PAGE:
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Bands and Brands: What Marketers Need To Know About Music Partnerships

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Brand partnership may be daunting, and overwhelming. Putting your music and yourself out there in partnership could be scary. It’s actually extremely common among artists, giving them a chance to have their face apart of popular products. It’s a simple way for a win-win situation, giving both parties a chance to put themselves out there. Read below WeTransfer’s branding tips!

Understand that music is about culture.

A good music tie-up should be more than a way to be cool by association or to reach a certain segment of the buying public. The best partnerships are informed by a deep understanding of the music, the artist, and the culture of that artist or genre. This goes much deeper than a fan demographic. The music itself should be honored. When I worked on big-brand music partnerships, I found that many marketers miss this point.

But those who understand different music subcultures can be more successful, primarily because that point of view truly informs an authentic relationship with the artist and an understanding of the fans.When done right, you’re not only creating a relationship with the artist but also with the audience around him/her.

Start small, listen to the scenes and their needs, build added value and offer the tools and knowledge that fans normally wouldn’t have had.

Take Red Bull. The Red Bull Music Academy started 15 years ago as a way to extend its content marketing, but what the brand did so well was to take the dance music subculture seriously. Today, RBMA is a returning experience for artists and music fans alike, and an important platform that has had a real influence on the music landscape.

Give artists a platform.

Big fees aside, this is usually the chief reason artists want to work with brands anyway. For up-and-coming artists, or those who are pushing at the boundaries of their genres, gaining reach or experience is a strong draw. The collaboration is strongest when brands can offer artists something they don’t already have or wouldn’t otherwise access. In some cases it’s a proper studio and a bigger audience.

For example, Converse’s Rubber Tracks, based in Brooklyn, selects up-and-coming bands for free studio time in one of their professional grade studios, and books them for their Rubber Tracks events. In 2015, the platform took the program global, giving artists access to renowned studios like Abbey Road Studios in London and Sunset Studios in Los Angeles – a rare opportunity for all but the biggest music stars. Since taking its program global in 2015, Converse has received more than 9,000 applications from artists around the world, and has given 900 of them recording privileges since starting the program in 2011. That’s a tangible contribution to rising artists.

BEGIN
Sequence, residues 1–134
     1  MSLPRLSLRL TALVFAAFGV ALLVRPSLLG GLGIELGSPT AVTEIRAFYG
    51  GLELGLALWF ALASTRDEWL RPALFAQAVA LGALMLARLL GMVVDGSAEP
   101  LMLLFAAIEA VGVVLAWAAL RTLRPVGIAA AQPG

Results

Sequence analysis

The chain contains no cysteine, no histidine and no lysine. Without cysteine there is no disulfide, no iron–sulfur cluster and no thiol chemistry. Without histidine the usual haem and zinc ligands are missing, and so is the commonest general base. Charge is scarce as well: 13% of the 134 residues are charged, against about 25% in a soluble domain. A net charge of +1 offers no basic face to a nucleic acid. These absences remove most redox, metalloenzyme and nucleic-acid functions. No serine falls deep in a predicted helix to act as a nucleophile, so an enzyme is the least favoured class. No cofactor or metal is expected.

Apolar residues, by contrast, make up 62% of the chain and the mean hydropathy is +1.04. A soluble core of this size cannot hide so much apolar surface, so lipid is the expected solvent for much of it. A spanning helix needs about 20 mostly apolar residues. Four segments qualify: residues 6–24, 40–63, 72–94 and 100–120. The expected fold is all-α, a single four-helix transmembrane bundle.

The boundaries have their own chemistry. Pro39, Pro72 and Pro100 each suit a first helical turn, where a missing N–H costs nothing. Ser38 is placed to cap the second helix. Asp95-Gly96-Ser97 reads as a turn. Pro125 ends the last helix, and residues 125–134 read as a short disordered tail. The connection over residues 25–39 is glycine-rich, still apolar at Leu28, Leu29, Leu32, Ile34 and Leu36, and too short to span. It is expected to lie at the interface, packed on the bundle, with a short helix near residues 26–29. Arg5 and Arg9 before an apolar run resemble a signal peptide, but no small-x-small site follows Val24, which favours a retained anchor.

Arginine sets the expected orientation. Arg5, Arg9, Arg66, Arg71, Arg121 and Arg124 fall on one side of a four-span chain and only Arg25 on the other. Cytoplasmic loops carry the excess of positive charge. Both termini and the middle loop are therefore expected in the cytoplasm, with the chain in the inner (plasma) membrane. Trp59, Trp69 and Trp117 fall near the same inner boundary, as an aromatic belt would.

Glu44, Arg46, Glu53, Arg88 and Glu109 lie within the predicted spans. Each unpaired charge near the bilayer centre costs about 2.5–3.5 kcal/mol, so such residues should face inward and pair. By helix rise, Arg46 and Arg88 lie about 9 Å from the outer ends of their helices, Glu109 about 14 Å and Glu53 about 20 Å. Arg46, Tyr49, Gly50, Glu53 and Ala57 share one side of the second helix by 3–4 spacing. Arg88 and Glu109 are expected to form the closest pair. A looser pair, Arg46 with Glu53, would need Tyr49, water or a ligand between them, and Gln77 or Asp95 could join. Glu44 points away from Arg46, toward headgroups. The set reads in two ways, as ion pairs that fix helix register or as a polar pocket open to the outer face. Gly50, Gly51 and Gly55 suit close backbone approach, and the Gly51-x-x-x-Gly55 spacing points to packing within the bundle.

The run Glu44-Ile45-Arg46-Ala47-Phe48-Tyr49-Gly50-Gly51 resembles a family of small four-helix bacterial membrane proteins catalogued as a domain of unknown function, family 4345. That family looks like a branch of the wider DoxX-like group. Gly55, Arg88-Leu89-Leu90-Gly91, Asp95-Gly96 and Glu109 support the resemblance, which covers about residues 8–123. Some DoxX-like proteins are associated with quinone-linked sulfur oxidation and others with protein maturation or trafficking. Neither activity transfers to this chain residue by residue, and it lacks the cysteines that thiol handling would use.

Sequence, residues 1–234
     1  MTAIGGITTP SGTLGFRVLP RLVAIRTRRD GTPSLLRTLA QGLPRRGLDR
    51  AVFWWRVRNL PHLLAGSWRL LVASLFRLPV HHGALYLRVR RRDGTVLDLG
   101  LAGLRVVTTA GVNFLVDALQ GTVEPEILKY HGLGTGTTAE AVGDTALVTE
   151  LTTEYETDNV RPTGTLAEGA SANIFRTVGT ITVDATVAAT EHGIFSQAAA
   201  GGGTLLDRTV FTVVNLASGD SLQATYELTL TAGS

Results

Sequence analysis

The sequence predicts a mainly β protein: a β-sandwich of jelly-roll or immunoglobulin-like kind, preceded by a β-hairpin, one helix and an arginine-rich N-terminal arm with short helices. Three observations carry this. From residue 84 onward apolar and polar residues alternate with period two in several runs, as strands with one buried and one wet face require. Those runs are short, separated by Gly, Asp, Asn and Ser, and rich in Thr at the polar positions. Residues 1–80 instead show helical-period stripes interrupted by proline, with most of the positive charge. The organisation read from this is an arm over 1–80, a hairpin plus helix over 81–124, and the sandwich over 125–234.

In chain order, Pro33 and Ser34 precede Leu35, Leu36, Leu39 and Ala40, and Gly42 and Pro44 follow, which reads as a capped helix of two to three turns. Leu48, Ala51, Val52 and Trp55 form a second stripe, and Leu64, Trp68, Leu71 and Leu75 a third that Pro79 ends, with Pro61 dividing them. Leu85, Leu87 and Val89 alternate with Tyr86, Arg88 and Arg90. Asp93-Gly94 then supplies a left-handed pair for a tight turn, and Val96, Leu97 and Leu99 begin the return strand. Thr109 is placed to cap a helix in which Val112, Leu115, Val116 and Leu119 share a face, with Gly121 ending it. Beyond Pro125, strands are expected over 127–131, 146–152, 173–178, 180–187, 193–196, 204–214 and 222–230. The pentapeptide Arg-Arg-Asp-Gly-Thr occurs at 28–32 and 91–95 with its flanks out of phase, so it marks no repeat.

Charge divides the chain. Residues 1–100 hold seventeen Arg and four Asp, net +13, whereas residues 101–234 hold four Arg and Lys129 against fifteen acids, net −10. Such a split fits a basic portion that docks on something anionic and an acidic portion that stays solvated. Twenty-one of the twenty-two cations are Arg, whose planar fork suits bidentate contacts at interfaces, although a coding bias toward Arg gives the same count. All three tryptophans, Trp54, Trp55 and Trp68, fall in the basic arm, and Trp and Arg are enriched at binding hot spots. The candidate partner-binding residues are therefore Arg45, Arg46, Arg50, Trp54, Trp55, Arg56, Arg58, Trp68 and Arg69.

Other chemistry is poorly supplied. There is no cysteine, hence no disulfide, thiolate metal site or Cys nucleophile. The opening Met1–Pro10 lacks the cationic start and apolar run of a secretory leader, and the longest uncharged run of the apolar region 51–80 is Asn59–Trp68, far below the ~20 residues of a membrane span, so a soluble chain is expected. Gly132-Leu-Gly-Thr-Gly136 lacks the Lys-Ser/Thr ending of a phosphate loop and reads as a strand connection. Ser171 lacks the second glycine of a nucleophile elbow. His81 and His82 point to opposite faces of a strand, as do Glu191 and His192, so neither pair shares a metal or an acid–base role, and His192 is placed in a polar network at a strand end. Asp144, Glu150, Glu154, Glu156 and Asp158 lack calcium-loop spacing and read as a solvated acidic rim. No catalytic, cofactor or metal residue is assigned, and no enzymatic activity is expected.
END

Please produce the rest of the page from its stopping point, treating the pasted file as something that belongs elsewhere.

Keep it real.

When creating a brand partnership, it’s best to think about credibility rather than popularity and reach. Fans can smell a fake a mile away. It’s just not enough to throw a big fee at artists and plaster your brand all over the place at a concert. Fans can tell when there’s no real relationship – think of some of the ridiculous hashtags you see on some artist social feeds.

Can the brand play a natural role within the artist’s subculture? Does make sense for the artist or fans, or ideally, for both? At WeTransfer, we became involved in musical partnerships very naturally because musicians use our service to collaborate with other artists during the work process. Nearly 60 percent of our users work in creative industries. That fundamental relationship led artists to use WeTransfer for distribution, as a channel to share content with fans or experiment with visual art forms, which we offer through our full-screen wallpapers.

When it comes to being a natural fit, Sprint has also been a standout here. The brand premiered a Spanish-language commercial during the Latin Grammys, and also re-hired Latino pop star Prince Royce to help develop new music. Both moves had strong, real links for viewers: Sprint CEO Marcelo Claure, who starred in the commercial, is a Bolivian-born native Spanish speaker, and Prince Royce – back when he was still known as Geoffrey Royce Rojas, growing up in the Bronx – worked at Sprint in his very first job. He even credits the Sprint job with being able to pay for studio time, which led to his first record deal.”

Marketing & branding is all around you. You’ll see it everywhere you go, so why not add your face to it?

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